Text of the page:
Dessert is served at the Korea summit. Photo: Korea summit press pool via Getty Images

"North Korea’s leader, Kim Jong-un, told President Moon Jae-in of South Korea when they met that he would abandon his nuclear weapons if the United States would agree to formally end the Korean War and promise that it would not invade his country, a South Korean government spokesman said," reports the N.Y. Times.

Why it matters: Axios future editor Steve LeVine, a foreign correspondent who covered the aftermath of the Soviet Union for The Wall Street Journal, said this morning's reporting reminds him of the pivotal year 1985 in the Soviet Union.

"Not comparing Kim to Gorbachev. But noting that there is a substantial difference between going to South Korea and mouthing niceties, and telling your own people. It's possibly getting them ready for a momentous shift, should that proceed."
— Steve LeVine
  • Reuters: Kim "plans to invite experts and journalists from the United States and South Korea when the country closes its nuclear test site in May, Seoul officials said."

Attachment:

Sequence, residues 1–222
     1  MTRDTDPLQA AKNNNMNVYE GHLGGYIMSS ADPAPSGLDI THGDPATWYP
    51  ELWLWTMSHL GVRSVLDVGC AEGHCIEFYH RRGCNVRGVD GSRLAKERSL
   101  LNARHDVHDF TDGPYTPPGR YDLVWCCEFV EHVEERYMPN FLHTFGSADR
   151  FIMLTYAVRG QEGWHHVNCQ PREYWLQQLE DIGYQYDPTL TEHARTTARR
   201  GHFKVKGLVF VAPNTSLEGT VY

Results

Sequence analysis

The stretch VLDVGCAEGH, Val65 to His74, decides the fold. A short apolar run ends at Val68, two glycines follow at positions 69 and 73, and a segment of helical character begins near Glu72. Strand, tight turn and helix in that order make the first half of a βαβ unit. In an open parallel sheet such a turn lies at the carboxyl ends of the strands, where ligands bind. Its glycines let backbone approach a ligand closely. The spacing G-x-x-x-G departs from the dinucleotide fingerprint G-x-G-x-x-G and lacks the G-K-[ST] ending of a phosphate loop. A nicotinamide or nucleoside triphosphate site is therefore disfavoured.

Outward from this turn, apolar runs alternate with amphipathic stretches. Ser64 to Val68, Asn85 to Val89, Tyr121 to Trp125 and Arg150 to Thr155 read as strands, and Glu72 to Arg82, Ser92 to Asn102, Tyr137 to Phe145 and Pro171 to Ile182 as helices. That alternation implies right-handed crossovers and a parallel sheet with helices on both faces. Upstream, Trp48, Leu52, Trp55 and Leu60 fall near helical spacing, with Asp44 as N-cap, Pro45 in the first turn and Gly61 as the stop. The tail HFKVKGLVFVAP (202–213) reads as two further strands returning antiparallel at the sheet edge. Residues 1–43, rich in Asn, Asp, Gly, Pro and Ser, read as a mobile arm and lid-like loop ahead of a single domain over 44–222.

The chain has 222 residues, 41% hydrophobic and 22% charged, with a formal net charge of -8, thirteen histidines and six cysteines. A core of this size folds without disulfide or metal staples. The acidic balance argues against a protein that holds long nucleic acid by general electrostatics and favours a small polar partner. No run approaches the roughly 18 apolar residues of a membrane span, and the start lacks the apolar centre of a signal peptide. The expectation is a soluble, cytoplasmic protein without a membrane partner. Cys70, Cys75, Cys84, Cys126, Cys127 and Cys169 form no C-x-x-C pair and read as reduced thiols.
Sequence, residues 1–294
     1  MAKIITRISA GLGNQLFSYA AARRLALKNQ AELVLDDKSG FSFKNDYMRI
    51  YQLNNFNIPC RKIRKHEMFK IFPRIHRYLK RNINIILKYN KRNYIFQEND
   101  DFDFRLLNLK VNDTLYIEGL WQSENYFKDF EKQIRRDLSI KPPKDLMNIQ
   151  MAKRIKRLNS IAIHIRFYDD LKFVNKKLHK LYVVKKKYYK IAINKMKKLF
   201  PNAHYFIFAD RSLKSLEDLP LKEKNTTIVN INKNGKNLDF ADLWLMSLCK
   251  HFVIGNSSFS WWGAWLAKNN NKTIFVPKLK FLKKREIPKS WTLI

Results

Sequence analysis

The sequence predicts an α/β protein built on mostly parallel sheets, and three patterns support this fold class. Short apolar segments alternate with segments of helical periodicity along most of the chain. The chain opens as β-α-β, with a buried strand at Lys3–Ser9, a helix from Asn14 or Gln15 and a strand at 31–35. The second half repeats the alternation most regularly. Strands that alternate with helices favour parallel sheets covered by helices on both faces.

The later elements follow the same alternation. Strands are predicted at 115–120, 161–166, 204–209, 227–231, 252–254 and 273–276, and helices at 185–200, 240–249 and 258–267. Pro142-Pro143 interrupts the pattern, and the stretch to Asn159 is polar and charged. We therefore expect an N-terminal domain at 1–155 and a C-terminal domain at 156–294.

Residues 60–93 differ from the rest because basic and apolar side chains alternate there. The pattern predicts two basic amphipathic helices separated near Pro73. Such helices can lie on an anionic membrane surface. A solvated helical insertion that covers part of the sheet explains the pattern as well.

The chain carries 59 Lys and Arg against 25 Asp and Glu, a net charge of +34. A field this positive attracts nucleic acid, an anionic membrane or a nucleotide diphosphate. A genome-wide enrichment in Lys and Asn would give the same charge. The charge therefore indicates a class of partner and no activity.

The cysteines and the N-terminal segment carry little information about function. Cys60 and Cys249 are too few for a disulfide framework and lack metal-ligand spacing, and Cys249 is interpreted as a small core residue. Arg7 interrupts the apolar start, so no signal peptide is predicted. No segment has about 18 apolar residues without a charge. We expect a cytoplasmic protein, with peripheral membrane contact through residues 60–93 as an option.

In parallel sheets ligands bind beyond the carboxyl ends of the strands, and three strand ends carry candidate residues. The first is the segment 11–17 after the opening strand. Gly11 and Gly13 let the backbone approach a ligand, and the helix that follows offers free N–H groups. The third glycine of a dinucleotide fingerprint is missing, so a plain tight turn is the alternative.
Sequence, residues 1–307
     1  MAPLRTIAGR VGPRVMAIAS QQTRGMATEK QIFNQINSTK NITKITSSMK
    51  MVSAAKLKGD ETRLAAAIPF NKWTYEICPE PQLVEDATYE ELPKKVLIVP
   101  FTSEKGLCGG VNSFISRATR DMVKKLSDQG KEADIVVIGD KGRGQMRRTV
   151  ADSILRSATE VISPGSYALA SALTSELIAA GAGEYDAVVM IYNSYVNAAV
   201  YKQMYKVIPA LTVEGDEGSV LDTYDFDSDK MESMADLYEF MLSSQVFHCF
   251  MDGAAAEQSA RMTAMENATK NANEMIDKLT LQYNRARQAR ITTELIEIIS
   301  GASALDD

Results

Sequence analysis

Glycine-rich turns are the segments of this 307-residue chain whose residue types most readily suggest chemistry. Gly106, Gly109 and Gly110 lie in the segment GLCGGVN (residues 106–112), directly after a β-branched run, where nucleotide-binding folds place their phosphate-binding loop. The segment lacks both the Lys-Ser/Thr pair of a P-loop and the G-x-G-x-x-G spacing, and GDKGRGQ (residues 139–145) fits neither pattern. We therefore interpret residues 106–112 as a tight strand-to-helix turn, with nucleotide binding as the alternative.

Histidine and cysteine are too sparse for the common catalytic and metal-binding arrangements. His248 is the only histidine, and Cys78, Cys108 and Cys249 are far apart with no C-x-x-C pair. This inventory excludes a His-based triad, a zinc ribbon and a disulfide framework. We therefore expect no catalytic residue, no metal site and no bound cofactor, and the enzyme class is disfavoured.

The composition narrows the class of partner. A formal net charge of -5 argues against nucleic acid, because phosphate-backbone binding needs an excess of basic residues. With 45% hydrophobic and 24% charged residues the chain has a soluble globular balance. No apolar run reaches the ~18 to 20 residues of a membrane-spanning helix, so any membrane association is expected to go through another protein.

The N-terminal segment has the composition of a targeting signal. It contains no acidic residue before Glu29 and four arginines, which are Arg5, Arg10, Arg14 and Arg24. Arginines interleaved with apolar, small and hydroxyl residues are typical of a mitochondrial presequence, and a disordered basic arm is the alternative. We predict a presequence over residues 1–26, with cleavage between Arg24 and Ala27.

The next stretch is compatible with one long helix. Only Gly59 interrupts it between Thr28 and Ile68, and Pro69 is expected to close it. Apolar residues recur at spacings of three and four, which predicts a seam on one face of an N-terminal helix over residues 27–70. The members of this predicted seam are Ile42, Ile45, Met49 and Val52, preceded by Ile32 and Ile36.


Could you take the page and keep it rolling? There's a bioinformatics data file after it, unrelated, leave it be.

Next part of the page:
• The South Korean press secretary, Yoon Young-chan, quoted Kim as saying: “The United States, though inherently hostile to North Korea, will get to know once our talk begins that I am not the kind of person who will use nuclear weapons against the South or the United States across the Pacific."

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  4. Public health: Ex-FDA chief projects "apex" of South's coronavirus curve in 2-3 weeks — Coronavirus testing czar: Lockdowns in hotspots "should be on the table"
  5. Education: Betsy DeVos says schools that don't reopen shouldn't get federal funds — Pelosi accuses Trump of "messing with the health of our children."

Scoop: How the White House is trying to trap leakers

Illustration: Sarah Grillo/Axios

President Trump's chief of staff, Mark Meadows, has told several White House staffers he's fed specific nuggets of information to suspected leakers to see if they pass them on to reporters — a trap that would confirm his suspicions. "Meadows told me he was doing that," said one former White House official. "I don't know if it ever worked."

Why it matters: This hunt for leakers has put some White House staffers on edge, with multiple officials telling Axios that Meadows has been unusually vocal about his tactics. So far, he's caught only one person, for a minor leak.

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Lauren Boebert posing in her restaurant in Rifle, Colorado, on April 24. Photo: Emily Kask/AFP

At least 11 Republican congressional nominees have publicly supported or defended the QAnon conspiracy theory movement or some of its tenets — and more aligned with the movement may still find a way onto ballots this year.

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